When the war-drums start beating in Washington against a state or statesman, one is entitled to wonder what transgression might have been made against the ‘New World Order’. Over the past few decades we have seen one nation after another succumb to either financial blandishments, or when those fail, long-planned, well-funded ‘spontaneous’ colour revolutions, and as a last resort bombs. The states of the ex-Soviet bloc largely succumbed to ‘colour revolutions’ orchestrated by the Soros network, aligned with the National Endowment for Democracy (NED), USAID and a host of other funds and NGOs.
Milosevic’s Serbia, Qadhafi’s Libya and Saddam’s Iraq were bombed into submission, with ground support for jihadists. The globalists have no objection to jihadists when they serve to keep the world in a state of ‘constant conflict’, in accordance with globalist aims. The USA will use ‘Islamists’ where they can, both as dupes and bogeymen.
There is one major spanner in the world: Russia – again. Russian President Vladimir Putin has been vilified relentlessly from the start of his leadership of Russia. A second ‘Cold War’ followed so soon in the aftermath of the first that the two can be regarded as one.
Russia Stymied World State
There was a fleeting interregnum when it looked as though Russia would finally succumb to globalisation. This encompassed the Yeltsin years, however it was prepared while the Communist Party still held power, during the Gorbachev era. The sudden implosion of the mighty Soviet edifice, seemingly overnight, was long prepared by a combination of US-based subversion, backing ‘dissidents’ such as Solidarity in Poland, coupled with a planned scuttle by Gorbachev, who envisioned himself as an internationally-feted globalist celebrity.
Russia had succumbed to the nexus of money and revolution in 1917. The revolutionary movement had been well funded since 1905 when the anti-Tsarist journalist George Kennan was sent over to Japan to propagandise Russian POWs, with funds from Jacob Schiff of Kuhn, Loeb & Co., Wall Street. Kennan remarked that 50,000 revolutionary cadres were sent back to Tsarist Russia. Schiff’s contribution to the overthrow of the Tsar was lauded in New York in March 1917.1 There quickly followed the Bolshevik coup led by Lenin and Trotsky. Lenin was backed by the Germans to get Russia out of the war, and Trotsky was backed by the Americans and British to keep Russia in the war. Trotsky was in close association with R. H. Bruce Lockhart, British War Cabinet special agent in Russia, to such an extent that Lockhart’s wife commented that many of his colleagues quipped he was turning Bolshevik. The lines were drawn when Trotsky resigned as minister of foreign affairs because of Lenin’s insistence that Russia sign an armistice with Germany.2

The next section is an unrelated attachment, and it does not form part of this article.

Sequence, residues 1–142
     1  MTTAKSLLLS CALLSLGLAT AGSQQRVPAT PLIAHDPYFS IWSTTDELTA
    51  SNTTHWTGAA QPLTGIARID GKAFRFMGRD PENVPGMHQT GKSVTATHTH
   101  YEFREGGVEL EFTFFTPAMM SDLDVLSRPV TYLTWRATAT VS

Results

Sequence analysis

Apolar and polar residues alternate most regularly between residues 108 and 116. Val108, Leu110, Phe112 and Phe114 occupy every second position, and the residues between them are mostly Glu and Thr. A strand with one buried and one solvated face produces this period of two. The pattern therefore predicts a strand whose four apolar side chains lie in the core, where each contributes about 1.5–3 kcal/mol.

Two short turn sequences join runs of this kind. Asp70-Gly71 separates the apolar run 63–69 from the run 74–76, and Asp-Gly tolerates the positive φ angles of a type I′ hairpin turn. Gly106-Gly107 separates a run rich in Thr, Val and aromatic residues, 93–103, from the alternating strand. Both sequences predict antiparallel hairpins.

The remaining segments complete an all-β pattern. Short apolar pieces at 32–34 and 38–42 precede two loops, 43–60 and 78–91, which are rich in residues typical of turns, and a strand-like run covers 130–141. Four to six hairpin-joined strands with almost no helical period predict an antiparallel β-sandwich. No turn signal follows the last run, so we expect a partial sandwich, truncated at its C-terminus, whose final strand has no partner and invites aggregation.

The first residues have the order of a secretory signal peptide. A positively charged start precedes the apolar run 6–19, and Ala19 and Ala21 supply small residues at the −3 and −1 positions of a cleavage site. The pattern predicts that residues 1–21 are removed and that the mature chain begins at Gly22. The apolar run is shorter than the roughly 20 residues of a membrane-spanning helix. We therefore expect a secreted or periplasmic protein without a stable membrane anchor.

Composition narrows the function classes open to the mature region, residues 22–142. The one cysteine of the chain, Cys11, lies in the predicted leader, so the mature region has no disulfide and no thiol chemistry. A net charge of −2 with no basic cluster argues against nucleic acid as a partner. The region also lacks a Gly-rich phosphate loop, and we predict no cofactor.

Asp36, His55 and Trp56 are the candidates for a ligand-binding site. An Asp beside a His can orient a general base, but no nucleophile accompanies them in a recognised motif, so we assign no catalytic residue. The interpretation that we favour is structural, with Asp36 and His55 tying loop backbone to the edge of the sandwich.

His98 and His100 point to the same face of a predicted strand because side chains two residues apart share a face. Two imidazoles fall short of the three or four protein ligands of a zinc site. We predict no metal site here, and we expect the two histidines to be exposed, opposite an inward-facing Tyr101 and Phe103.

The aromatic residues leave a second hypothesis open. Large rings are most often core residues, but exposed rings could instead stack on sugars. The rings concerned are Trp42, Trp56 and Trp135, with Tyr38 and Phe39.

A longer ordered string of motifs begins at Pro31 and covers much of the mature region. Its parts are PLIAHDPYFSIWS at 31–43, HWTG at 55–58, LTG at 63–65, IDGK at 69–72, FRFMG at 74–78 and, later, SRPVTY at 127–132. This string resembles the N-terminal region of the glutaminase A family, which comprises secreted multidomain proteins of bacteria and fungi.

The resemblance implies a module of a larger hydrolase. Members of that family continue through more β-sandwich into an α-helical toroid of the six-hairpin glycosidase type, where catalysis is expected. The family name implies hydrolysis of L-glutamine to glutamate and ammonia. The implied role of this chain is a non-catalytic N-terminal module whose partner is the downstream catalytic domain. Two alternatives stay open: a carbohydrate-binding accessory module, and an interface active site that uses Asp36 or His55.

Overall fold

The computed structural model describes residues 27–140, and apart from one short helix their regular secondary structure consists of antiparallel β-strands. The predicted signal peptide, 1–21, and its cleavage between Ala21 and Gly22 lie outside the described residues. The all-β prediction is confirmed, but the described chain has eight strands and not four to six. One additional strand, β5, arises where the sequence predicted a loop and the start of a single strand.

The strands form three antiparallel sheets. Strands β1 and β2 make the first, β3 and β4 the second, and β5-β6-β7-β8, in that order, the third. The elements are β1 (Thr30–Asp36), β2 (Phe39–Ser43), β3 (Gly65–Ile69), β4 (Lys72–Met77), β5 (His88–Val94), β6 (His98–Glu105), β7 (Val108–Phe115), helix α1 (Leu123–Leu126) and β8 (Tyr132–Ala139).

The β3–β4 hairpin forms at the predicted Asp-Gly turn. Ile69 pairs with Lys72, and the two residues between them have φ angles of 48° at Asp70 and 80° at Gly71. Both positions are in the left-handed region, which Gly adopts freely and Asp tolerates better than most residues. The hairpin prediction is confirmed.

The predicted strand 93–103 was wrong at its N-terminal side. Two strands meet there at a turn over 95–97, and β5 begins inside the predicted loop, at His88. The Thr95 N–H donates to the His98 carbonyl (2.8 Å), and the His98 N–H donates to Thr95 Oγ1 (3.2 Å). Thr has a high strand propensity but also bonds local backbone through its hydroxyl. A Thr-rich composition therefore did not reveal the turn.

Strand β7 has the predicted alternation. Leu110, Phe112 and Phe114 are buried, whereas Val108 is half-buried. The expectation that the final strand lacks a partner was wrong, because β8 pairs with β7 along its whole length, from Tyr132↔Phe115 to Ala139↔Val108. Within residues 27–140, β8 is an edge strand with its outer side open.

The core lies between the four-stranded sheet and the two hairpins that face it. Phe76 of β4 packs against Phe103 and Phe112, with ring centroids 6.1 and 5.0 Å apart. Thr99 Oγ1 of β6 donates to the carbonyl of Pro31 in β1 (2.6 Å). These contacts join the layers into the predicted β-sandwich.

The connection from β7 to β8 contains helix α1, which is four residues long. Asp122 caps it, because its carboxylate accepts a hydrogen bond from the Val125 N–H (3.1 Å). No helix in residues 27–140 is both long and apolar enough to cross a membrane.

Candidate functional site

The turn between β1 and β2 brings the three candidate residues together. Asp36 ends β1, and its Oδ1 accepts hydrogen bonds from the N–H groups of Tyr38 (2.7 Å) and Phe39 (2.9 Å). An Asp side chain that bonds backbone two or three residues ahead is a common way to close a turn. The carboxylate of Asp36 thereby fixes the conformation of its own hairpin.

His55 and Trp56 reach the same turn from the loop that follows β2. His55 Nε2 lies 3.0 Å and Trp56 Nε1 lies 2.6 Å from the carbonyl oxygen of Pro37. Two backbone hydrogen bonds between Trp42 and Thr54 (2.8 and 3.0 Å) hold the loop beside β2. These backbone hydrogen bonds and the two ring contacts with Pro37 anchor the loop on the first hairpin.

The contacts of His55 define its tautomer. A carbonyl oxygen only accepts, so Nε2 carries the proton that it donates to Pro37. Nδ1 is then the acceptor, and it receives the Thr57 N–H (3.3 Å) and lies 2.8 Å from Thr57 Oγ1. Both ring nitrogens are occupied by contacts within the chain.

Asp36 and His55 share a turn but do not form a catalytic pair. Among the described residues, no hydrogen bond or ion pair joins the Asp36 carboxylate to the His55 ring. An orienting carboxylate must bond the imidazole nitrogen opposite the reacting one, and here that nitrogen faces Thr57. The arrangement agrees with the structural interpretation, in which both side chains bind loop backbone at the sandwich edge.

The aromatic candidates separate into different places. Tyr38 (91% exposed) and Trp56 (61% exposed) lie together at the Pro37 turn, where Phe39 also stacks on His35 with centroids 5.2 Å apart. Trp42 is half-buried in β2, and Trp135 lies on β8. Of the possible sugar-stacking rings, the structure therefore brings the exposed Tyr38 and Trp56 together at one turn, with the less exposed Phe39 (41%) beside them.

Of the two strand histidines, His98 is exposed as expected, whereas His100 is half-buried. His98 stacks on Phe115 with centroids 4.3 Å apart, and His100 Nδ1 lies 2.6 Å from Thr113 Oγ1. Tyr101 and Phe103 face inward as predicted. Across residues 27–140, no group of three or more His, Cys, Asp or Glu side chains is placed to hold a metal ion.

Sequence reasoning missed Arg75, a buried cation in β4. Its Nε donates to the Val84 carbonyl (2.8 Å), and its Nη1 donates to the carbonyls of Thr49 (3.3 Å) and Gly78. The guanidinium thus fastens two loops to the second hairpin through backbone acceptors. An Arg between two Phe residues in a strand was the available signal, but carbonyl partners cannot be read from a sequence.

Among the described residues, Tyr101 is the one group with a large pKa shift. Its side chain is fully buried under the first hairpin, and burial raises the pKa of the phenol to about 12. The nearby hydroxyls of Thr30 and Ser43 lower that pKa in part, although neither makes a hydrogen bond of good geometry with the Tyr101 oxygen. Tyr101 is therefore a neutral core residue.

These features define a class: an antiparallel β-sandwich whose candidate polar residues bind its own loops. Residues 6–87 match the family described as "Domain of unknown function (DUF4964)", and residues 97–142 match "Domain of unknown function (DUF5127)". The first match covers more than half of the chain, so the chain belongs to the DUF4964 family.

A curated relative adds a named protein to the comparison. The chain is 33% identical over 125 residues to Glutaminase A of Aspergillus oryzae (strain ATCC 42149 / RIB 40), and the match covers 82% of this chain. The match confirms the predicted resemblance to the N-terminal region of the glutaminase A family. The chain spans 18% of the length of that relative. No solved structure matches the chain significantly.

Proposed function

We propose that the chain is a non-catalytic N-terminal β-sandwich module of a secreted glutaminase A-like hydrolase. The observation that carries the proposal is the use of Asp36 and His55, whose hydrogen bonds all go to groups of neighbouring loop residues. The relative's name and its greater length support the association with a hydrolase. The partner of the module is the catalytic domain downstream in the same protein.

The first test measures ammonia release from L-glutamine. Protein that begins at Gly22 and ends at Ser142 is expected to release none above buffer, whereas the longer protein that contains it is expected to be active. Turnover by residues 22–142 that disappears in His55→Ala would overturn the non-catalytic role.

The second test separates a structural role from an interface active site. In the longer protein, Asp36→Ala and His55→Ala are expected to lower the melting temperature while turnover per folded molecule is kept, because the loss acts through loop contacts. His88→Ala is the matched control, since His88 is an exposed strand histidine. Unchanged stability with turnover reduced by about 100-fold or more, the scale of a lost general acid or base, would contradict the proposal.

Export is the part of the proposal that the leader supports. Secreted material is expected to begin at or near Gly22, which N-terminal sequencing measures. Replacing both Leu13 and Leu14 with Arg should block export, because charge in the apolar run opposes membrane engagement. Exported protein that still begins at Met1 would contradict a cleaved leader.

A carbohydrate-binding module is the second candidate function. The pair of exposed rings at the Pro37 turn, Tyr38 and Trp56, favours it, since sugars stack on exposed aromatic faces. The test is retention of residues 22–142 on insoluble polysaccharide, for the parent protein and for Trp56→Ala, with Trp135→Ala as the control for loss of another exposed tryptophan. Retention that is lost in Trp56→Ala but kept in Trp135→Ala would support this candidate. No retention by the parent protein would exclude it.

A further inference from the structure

After the war, there was a scramble by international finance to get concessions from the Soviets, at a time when their existence was very precarious at best, and the American ‘intervention’ under General Graves was doing its best to backstab the White Armies in favour of the Reds.3 H. Wickham Steed, editor of The London Times, observed at the Paris Peace Conference that it was the international financiers such as Schiff who were pushing for worldwide recognition of the Bolsheviks.4 Matters proceeded well for international capitalism under the regime of Lenin and Trotsky. Russia opened up to foreign capital and technology. With Lenin’s death and the resulting power struggle, Stalin eliminated the influence of Trotsky and his coterie in 1928.
The common fight against the Axis in the Second World War opened up a further opportunity for the USSR to be brought into a world order. The USA proposed such a world state via the United Nations General Assembly as a world parliament. The USSR recognised that the USA would control any such parliamentary vote, and insisted that authority be vested in the Security Council with the right of veto for permanent members. The second premise for a post-war new world order rested with the US proposal to ‘internationalise’ atomic energy under United Nations aegis, outlined in the ‘Baruch Plan’, named after Bernard M. Baruch, so-called ‘elder statesman’ of the USA. Again, the USSR said no.5
The USSR alone prevented the creation of a world state. The conservative Right remains confused about Russia till today, and much of it continues the old Cold War anti-Russia line against Putin who, to them, is the new Stalin.
How the Soviet Bloc Imploded
While the globalists opportunity to erect a world state in the name of ‘world peace’ after the defeat of the Axis was scuttled by the USSR, the implosion of the Soviet bloc provided another opportunity. The oligarchs in the West are so conceited that they assume the whole world yearns for the ‘freedom’ of their ‘Brave New World’, in a narcosis of production and consumption. They assumed that with the demise of the Soviet Union they would be linking with their counterparts in Russia to form an international exploitative regime. Mikhail Gorbachev was their man, as Lenin and Trotsky had been.